Sunday, July 4, 2010

Old Glory, With Dignity

Yesterday during our town's Freedom Days festival, our Boy Scout Troop served up pancakes from 7 am - 11 am and then, much later in the afternoon, they held a Flag Retirement Ceremony.  Have you ever been to one?  I think they're amazing.  The American Flag Code says that once flags are too worn to be flown, they should be retired with dignity, preferably by burning.  Many Scout Troops and other service groups perform these ceremonies to ensure that the community has a place to bring their worn, torn, tattered flags and see that they are treated with respect.

An Eagle Scout and three others were the Color Guard for the flag retirement.  To prepare, they cleared an area of weeds and grass so that if sparks fell, nothing would catch fire.   Then, they built a fire in a half-barrel.

 Our Fire Department was on hand, with their hose at the ready, just in case.

 The color guard brought the first flag...

... and presented the colors.

The Senior Patrol Leader narrated as the boys began to cut the flag.


First, they cut the flag away from its binding - the part which holds the flag to the strings when it's flying on a pole.

Next, they they cut the field of stars away from the stripes.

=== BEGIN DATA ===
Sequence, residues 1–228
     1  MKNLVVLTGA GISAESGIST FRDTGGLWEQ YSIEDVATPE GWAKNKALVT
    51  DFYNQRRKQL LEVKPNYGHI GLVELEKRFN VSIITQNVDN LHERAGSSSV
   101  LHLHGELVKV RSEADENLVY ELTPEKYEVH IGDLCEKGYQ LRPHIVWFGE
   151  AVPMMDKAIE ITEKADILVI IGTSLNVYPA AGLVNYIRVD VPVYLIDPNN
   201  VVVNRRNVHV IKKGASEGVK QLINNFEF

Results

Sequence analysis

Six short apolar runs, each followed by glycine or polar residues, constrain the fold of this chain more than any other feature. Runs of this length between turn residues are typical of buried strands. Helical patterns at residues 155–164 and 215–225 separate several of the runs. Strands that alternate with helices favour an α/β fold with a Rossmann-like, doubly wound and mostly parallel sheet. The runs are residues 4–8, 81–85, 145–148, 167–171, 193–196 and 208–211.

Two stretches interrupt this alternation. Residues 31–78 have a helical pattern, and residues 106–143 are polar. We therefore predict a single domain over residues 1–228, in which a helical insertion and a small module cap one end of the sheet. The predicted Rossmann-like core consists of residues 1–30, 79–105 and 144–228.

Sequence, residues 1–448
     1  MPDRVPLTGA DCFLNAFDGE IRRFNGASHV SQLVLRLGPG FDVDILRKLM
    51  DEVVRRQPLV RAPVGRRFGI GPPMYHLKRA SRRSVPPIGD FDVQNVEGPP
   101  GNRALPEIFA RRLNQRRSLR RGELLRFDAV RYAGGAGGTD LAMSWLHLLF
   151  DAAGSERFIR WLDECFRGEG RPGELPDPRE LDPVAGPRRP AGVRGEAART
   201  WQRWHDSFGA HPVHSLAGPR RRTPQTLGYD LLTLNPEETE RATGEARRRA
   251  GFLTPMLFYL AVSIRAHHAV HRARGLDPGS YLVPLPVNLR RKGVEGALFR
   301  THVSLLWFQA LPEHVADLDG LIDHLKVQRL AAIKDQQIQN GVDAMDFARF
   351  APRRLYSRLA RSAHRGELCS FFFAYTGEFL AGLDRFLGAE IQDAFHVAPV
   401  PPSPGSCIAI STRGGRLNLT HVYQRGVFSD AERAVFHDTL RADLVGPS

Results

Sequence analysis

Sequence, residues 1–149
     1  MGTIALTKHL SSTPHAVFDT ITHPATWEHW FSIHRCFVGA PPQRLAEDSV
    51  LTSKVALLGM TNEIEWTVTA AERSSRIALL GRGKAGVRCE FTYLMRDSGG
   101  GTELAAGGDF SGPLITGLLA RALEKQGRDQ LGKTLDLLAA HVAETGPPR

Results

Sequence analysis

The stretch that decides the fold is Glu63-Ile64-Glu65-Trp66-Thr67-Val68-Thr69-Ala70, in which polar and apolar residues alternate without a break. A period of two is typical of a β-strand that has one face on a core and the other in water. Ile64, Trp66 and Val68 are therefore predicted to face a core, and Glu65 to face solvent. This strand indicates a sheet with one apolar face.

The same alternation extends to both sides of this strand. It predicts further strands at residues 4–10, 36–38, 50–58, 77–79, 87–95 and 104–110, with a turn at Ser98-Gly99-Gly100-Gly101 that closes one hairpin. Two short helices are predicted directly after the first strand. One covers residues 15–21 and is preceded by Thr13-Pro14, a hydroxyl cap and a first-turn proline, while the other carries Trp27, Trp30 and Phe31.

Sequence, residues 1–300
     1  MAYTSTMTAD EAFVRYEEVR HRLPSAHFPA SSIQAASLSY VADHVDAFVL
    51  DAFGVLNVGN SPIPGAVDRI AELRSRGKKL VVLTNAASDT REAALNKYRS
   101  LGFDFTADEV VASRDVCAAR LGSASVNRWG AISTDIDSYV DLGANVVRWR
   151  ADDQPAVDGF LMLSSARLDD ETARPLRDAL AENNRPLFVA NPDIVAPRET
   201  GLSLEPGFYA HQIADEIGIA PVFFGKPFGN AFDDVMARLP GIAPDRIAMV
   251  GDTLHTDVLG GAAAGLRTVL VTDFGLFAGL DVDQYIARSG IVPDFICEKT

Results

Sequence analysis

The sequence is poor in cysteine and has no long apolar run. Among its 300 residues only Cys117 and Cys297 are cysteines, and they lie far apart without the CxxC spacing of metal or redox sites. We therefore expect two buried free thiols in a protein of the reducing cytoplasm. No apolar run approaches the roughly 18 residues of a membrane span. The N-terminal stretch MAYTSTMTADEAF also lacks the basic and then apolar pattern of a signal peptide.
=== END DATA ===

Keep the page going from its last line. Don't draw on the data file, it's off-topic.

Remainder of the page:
Then, one by one, they cut away each stripe representing the 13 colonies...

...and burned it individually before cutting the next.

After all the stripes burned, they burned the field of stars and the binding.  The audience stood at attention to honor the flag until it completely burned away.

There are many different ways to perform a flag ceremony; we chose to do the symbolic full cutting for just the first of the flags, then we burned the rest of the ones we had collected from the community whole.  The Color Guard still presented each flags and we stood at attention while they burned before bringing forward the next flag.  We did about 20 flags yesterday, I think.

After all the flags had been retired, we waited about another hour for everything to completely burn away.  Then, the Scouts (and some dads) doused the fire and buried the ashes.

Dusk was coming by then and we just sat and reflected on what makes us Americans, and those that came before us.

The boys fished the flags grommets out of the ashes.  They can be kept as keepsakes, affixed to a necklace or in some other way saved as a remembrance.

I hope you're flying our flag with pride and happiness today!  Have a wonderful 4th of July!

2 comments :

Christine said...

Beautifuly said.

Lydia said...

Great ceremony! Wonderful info and pics.